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Ukiyo-e and Fashion in the Edo Period: Ukiyo-e

"Ukiyo-e and Fashion in the Edo Period: Ukiyo-e"

Japanese Gallery (Honkan) Room 10  July 15, 2014 (Tue) - August 3, 2014 (Sun)

  
Lilies, By Katsushika Hokusai, Edo period, 19th century (Important Art Object)

In the early Edo period (1603-1868), ukiyo-e, which are depictions of commoners' lives in the Edo period, were only in the form of paintings. Later on, a method of woodblock printing was devised and mass production of ukiyo-e became possible. Eventually, a method of producing multicolored nishiki-e prints was established, following the further development of carving and printing techniques. Based on subjects popular among commoners, such as the pleasure quarters or Kabuki theatre, nishiki-e developed primarily through yakusha-e prints of actors and bijinga portraits of beautiful women, leading to the creation of various other genres, including prints of birds and flowers, narrative tales, and landscapes.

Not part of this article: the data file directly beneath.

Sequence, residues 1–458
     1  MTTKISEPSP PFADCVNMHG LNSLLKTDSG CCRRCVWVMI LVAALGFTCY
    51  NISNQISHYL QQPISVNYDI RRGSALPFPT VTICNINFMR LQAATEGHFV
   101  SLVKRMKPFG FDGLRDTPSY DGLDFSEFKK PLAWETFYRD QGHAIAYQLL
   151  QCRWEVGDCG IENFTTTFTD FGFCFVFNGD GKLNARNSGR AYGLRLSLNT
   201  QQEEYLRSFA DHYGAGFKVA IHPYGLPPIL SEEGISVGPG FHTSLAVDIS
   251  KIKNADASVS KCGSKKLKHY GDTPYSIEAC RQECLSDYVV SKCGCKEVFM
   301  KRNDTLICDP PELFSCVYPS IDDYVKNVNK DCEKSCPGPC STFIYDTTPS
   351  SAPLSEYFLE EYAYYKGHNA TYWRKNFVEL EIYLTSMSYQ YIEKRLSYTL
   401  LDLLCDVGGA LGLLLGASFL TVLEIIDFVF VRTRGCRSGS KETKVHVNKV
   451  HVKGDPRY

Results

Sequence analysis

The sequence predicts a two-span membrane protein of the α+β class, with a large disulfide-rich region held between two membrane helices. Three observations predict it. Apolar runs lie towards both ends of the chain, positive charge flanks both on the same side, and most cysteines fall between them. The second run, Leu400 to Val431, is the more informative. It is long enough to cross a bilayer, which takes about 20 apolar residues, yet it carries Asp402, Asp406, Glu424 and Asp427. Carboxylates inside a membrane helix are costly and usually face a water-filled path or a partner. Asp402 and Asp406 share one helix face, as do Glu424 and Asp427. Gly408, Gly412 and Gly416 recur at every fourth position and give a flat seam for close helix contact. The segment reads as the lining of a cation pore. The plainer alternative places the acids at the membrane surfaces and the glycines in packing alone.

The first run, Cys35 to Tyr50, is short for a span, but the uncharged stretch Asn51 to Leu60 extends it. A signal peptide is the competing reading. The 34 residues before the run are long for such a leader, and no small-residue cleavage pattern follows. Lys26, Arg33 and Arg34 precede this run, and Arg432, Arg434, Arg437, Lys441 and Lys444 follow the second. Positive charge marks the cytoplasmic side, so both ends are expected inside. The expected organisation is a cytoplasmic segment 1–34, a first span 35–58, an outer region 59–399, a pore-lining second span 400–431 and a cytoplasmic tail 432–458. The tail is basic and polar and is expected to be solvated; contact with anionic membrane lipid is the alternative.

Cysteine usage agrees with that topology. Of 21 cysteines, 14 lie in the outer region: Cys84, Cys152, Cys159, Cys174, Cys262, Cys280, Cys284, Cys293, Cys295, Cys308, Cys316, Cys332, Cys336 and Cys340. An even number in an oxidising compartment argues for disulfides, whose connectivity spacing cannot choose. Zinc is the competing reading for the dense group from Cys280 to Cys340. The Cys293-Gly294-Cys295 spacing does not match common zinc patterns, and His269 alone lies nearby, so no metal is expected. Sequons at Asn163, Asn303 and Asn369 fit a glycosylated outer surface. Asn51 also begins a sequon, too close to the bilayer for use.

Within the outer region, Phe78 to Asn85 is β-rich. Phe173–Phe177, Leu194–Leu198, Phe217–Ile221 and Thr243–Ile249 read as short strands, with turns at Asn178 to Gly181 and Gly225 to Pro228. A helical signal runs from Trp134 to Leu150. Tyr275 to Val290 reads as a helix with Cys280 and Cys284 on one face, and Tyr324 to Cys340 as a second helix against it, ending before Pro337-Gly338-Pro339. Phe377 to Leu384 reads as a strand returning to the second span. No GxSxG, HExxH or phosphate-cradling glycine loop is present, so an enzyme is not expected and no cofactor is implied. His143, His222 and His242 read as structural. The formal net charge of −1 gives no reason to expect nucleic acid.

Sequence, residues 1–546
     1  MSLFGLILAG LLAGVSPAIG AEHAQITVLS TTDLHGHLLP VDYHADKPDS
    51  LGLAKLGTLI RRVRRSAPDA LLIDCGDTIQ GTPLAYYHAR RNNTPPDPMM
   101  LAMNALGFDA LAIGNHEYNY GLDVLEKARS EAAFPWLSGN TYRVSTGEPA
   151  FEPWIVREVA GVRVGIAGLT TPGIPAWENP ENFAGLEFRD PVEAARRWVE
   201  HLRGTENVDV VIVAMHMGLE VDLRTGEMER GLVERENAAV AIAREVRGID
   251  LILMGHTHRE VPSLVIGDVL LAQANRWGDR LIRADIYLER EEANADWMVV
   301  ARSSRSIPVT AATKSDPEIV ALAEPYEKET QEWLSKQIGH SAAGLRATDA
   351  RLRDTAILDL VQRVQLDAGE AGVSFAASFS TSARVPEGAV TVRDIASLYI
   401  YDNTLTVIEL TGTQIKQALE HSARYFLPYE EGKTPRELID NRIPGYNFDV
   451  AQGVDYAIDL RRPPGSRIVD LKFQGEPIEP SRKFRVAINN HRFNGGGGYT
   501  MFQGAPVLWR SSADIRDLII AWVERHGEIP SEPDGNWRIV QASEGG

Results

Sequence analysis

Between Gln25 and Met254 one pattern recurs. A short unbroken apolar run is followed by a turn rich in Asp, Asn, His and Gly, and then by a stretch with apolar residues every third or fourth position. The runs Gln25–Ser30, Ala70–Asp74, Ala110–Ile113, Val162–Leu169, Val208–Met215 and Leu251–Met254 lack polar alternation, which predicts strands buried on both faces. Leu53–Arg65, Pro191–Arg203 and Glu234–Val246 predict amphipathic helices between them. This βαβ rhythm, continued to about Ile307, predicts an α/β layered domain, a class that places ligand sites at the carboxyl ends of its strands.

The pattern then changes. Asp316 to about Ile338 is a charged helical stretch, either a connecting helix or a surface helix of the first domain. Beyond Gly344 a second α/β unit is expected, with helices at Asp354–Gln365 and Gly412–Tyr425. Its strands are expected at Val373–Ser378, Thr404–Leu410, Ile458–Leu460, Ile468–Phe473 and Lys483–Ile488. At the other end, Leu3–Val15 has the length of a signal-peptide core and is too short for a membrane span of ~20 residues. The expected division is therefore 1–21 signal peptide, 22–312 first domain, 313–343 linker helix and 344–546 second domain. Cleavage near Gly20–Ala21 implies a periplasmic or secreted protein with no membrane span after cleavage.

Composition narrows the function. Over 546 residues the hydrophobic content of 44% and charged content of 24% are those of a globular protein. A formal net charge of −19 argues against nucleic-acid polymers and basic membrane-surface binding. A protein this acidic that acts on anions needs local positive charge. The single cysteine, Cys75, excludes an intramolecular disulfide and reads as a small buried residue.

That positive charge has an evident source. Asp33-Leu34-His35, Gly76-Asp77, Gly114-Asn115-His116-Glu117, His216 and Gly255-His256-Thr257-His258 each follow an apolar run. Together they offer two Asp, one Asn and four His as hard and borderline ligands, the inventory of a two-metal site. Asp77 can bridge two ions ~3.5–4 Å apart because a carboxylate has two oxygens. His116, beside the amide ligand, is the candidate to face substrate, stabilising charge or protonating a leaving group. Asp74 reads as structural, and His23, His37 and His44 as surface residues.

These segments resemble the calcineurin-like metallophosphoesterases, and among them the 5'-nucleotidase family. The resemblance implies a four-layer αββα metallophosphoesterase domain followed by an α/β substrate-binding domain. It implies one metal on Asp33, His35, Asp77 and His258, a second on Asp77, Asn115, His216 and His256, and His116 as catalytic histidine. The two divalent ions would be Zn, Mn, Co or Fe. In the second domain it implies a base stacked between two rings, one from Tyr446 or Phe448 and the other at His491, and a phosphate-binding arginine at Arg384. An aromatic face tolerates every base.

This exhibition shows works full of seasonal references: genre paintings featuring summery scenes at the water's edge, including cooling off in the evening and watching fireworks, as well as prints featuring summery flowers such as morning glories and lilies. Also on display are series of nishiki-e prints: Sixty-nine Stations of Kiso Kaido Highway by Keisai Eisen (1791–1848) and One Hundred Poems Explained by a Nurse by Katsushika Hokusai (1760-1849).
Current exhibit includes:
Woman Reading a Letter Outside Mosquito Net, By Torii Kiyomasu, Edo period, 18th century
Fireworks at Ryogoku, By Kitagawa Utamaro, Edo period, 18th century
Lilies, By Katsushika Hokusai, Edo period, 19th century (Important Art Object)
Cooling Off on a Boat under Azuma Bridge, By Torii Kiyonaga, Edo period, 18th century
 

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